But no. Such a diagnosis is out of place in the era of the snowflake. It's not the job of men to go and find work and be men. It is our role to be victims and wait to be saved by government regeneration schemes. Meanwhile, we are told there is nothing we can do to help ourselves and pulling the duvet over our heads and popping another pill is all we can do until a job falls out of the sky.

Now I am not unsympathetic to depression. I know what it's like. I am a depressive nihilist myself. When I hit the rocks I hit them hard. But I know you have two choices. You can sink or you can swim. It is a choice. You can keep buggering on or you can guzzle down a bottle of something and throw yourself a massive pity party. I've done the latter once or twice and clawing your way out of it is not easy. It takes work. Self-pity is a very potent drug.

Punching through that motivational barrier when you really don't care if the universe implodes is the discipline you have to develop. Right now it's 15:37, and it's almost dark outside. I can feel the last of my neurotransmitters bleeding away and in an hour or so I will be in a state of catatonic despondency. It's typical for this time of year. I've had to develop management strategies for it because otherwise I will find myself back on my arse again.

And you know something? I don't live in Bristol because I like the local cuisine. I came here because I knew there would be work after failing to find work in another derelict seaside town. I did rough it. It wasn't fun. Except for the bits that were. This is why I can vote for Brexit because if I need to do it again I can and I will. That is self-knowledge born from experience.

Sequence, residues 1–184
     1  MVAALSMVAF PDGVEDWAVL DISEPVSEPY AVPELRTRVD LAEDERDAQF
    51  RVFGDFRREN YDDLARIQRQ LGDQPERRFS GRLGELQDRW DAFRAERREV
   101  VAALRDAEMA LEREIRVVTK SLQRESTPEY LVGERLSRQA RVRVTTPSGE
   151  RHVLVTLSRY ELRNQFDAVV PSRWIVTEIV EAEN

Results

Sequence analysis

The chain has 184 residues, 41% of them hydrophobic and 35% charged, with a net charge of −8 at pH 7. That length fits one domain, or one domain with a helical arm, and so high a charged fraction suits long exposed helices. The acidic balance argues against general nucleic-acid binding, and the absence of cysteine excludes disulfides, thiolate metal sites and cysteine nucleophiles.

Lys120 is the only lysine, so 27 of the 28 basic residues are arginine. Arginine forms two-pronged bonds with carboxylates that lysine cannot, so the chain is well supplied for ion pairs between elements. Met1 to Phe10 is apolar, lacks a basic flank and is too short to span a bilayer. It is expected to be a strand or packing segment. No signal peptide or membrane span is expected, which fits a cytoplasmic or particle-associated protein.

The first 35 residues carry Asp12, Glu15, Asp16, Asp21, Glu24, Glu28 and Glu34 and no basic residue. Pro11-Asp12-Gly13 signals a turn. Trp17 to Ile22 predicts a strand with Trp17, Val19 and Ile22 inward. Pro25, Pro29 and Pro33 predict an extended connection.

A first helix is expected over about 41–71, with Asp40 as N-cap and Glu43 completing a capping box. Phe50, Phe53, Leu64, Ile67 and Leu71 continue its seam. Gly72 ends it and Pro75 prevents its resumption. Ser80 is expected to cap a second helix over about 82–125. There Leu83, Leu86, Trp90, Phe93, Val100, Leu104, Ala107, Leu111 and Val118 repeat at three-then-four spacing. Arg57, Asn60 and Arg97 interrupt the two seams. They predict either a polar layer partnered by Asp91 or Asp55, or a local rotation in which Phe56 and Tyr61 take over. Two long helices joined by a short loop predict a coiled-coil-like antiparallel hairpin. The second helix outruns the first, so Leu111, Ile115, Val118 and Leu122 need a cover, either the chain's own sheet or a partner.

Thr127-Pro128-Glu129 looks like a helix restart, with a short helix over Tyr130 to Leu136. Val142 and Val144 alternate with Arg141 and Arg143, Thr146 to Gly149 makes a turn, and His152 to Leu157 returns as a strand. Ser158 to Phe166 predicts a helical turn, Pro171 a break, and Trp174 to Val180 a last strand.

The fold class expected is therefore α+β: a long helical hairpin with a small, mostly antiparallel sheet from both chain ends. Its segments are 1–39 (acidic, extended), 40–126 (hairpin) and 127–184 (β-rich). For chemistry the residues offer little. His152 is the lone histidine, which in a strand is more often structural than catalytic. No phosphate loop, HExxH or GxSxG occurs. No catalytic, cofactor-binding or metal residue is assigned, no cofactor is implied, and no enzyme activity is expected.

This is why I also don't care about the economic impact of Brexit quite so much as the handwringers do - because I know that Brexit will force cuts and it will force tough choices - and it will shatter the status quo that leads to these welfare ghettos. We won't have £24bn to spend on housing benefit.

Britain needs to grow up. There are no answers when it comes to Blackpool and Blackwood. These places are long dead and no central state planning is ever going to restore them to their former glory. A regeneration scheme here or there is not going to change the fortunes of their miserable residents. Only a better life can do that and a better life is something you have to work at.

For this, and so many other emerging issues, the politicians don't have any answers. They don't have the courage to make the cuts or seriously examine the viability of our creaking welfare state. For as long as politicians are held hostage to generation snowflake there will never be a reappraisal of our command and control economy - and for as long as we treat adults like entitled children they will go on behaving like entitled children.

Since the politicians won't act, Brexit will force the issue. This is a long time coming - and though there will be pain, nothing good can come from leaving things as they are. Brexit cannot come soon enough. We have exhausted the possibilities of the current political settlement and if the cold reality of Blackpool is this far beyond the grasp of the Westminster bubble then it's a wake up call we are badly in need of.